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Artman2004

Zee or Zed?

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In the US we say "Zee". And this is what I think of when I hear "Zedd"

BFTG_ZED_Profile.png

 

Edited by Dubbag

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6 hours ago, Azuris said:

Zed

 

Because english isn't my native Language

 

English ain't my first language either but I grew up watching shows in English, and the English intro of Dragonball Z has ingrained me with the fact that it's definitely Zee.

 

Because it always went like "Dragon!, dragon!, dragon baall Zeee!" and not Dragon!, dragon!, dragon baall Zeddd!! 

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I'm British, so "zed".

 

Living in the USA, I of course hear "zee" being used everywhere, but it still comes unexpectedly, like a wet smack in the face. It will never sound natural or normal (even though I am getting used to things like "boddler worrderr"). And when I see a ski run called something like "EZ Street", I'll spend a moment wondering what the hell "Eezed Street" might mean, before realizing (hopefully in time to avoid ending up in the bunny area).

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The answer is Zed, however for some strange reason one 17th century book and the American insistence that ‘z’ must rhyme with something in the alphabet song means that one country essentially pronounces ‘z’ differently to pretty much the rest of the world.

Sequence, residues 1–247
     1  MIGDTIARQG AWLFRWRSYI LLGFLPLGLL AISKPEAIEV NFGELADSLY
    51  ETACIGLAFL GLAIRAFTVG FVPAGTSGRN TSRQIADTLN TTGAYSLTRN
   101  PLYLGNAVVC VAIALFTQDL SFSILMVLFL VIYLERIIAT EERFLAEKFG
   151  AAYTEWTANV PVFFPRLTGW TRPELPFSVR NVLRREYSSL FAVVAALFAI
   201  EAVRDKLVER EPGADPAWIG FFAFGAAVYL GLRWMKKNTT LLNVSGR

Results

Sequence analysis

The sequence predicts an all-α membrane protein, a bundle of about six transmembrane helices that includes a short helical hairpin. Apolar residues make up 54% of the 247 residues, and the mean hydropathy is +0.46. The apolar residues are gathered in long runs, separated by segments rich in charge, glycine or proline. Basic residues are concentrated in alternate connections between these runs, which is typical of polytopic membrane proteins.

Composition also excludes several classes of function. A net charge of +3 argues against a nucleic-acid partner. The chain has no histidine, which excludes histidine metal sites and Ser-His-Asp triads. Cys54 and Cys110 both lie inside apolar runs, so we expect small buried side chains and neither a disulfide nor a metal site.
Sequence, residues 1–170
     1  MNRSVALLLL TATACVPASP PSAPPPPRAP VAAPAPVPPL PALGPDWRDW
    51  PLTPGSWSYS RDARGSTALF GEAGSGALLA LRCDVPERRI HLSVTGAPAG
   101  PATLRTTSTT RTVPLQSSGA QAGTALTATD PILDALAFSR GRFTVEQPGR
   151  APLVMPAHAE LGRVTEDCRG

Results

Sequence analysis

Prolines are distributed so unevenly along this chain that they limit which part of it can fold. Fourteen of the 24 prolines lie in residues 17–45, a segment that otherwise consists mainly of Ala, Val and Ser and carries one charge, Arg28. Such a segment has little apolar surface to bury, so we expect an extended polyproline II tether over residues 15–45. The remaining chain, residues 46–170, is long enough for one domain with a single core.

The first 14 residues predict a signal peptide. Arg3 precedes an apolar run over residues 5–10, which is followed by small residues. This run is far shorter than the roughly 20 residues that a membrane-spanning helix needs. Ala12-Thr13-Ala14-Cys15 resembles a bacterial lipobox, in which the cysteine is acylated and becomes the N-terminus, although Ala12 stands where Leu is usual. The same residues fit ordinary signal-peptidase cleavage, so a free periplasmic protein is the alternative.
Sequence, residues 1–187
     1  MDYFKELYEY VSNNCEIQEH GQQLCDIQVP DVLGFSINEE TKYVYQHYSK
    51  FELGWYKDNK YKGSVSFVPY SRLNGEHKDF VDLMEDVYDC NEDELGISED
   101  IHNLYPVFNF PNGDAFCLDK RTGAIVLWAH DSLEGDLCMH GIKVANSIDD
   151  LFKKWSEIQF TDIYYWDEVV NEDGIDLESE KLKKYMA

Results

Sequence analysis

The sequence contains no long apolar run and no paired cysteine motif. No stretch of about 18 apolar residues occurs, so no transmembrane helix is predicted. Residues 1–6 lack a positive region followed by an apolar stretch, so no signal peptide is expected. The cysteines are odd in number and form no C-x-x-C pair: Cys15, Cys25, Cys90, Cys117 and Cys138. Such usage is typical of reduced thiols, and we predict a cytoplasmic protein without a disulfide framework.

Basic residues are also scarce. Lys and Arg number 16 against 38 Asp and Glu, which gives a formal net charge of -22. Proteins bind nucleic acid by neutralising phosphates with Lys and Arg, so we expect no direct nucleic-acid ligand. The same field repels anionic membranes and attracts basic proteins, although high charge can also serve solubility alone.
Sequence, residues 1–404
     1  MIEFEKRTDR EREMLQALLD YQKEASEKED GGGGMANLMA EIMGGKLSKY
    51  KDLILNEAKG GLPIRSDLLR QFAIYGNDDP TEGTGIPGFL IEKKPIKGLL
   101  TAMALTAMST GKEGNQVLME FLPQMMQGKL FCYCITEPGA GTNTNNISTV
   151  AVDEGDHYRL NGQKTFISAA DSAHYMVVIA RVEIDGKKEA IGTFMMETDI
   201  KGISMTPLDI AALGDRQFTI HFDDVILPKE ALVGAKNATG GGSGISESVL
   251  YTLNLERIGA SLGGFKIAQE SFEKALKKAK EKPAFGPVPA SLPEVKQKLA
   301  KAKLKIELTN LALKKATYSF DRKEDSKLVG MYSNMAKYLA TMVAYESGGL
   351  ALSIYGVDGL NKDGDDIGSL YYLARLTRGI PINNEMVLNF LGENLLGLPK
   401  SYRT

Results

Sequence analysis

Also why is zebra pronounced ‘Zeebra’? Like why?

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The only instances of Zed I ever heard as a kid were from Power Rangers and Pulp Fiction. It wasn't until Shaun of the Dead that I ever made any connection between the letter and that pronunciation. I always thought Lord Zed had a Zee on his head because Zee stands for Zed.

 

I'm now slightly amused at the notion of catching some zeds.

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I had "Zed" hammered into me at an early age and was told it was how Australians where supposed to say it, but it's 50-50 Zee/Zea in my experience. My parents where both teachers so I guess that's whats in the curriculum (in the 80's/90's at least).

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Zee, if you're American. Zed, if you're British or Australian.

 

I'm neither, there's no "Z" in my country's alphabet, but we pronounce it like "the" with low emphasis on the T part.

Edited by Panzermann11

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1 hour ago, TheUltimateDoomer666 said:

Zee. Because B isn't "bed", C isn't "said", D isn't "dead", and E isn't "Ed".

Well, as everything it is more complicated XP

 

Z is taken out late into the latin Alphabet from the Greek, with Y and K.

Y is often called Ypsilon or Greek I in other Languages

W is some germanic Invention, as it is just two V, guess they needed a Way to show the Difference of V and how it was spelled back then.

V is called Uve in most romance Languages, because it could be V or U in their Parent Language Latin, depending on what Place it was standing.

Similiar to how C can be hard, as in Caca of soft, as in Cielo.

J is an Evolution from I, for a similiar Reason.

So, there is also X from the Greek, but i think it was adopted very early, as there are nativ latin Words as Conexio.